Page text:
Discipline: Ecology Environmental and Earth Sciences
Spencer Weinstein - University of Massachusetts Amherst
Microsatellites are short, repetitive, and inherited sequences of DNA that are randomly scattered throughout the genome. On either end of the microsatellite locus is a flanking sequence, which is used to design a forward and reverse primer for its amplification. These primers, and through them microsatellites, are a critical tool in looking at genetic connectivity in fish populations. This study developed microsatellite markers for blueline tilefish (Caulolatilus microps), a data poor species for which overfishing has recently become a major concern. Forty primers with ten or more perfect tetranucleotide repeats were designed and ordered, 27 of which were tested via a temperature gradient; ten of the primers worked through all stages of analysis.
These markers were then used to conduct a preliminary investigation of stock structure in blueline tilefish. Samples were collected from Virginia (n = 47), South Carolina (n = 26), and Mississippi (n = 15). Analyses showed no discernable genetic heterogeneity among samples from the three locations (maximum FST value = 0.011) based on the limited number of available samples; frequency distributions for each locus begin to suggest some allele frequency differences implying that, with more samples, genetic differences among locations might be found. More samples and markers must be analyzed before determining whether the blueline tilefish population is continuous along the United States East Coast and Gulf of Mexico. Results from this continued study will be shared with the Mid-Atlantic Fishery Management Council and used to inform management of blueline tilefish.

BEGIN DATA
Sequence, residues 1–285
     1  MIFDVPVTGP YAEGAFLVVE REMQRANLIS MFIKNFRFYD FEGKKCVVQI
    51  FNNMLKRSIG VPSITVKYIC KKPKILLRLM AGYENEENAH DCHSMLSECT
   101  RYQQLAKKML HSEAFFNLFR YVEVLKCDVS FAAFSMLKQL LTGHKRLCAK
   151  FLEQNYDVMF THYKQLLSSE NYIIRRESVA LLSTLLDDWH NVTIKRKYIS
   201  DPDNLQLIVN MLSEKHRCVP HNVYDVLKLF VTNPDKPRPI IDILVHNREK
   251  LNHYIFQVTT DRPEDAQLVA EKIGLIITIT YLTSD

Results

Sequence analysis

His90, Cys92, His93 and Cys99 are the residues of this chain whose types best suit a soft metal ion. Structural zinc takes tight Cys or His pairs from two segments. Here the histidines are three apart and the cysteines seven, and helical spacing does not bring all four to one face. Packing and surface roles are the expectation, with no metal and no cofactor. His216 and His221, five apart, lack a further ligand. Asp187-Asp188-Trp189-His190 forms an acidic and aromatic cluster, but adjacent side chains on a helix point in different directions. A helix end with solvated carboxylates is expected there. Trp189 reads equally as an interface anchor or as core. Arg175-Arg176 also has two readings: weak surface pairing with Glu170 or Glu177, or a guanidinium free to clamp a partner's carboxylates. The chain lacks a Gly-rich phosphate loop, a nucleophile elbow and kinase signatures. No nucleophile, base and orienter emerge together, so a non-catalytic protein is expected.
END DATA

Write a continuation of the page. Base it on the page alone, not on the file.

Funder Acknowledgement(s): I thank Jan McDowell, Heidi Brightman, and the rest of the VIMS Fisheries Genetics Lab for their support and assistance. Thank you as well to everyone who collected and sent samples. Funding for this project was provided by the Mid-Atlantic Fishery Management Council and NOAA. Thanks to Jenny Dreyer, Melissa Karp, and Rochelle Seitz for coordinating the REU program at VIMS. Program funding for the VIMS Research Experience for Undergraduates was made available through a grant awarded from the National Science Foundation (grant # NSF OCE 1062882)
Faculty Advisor: Jan McDowell,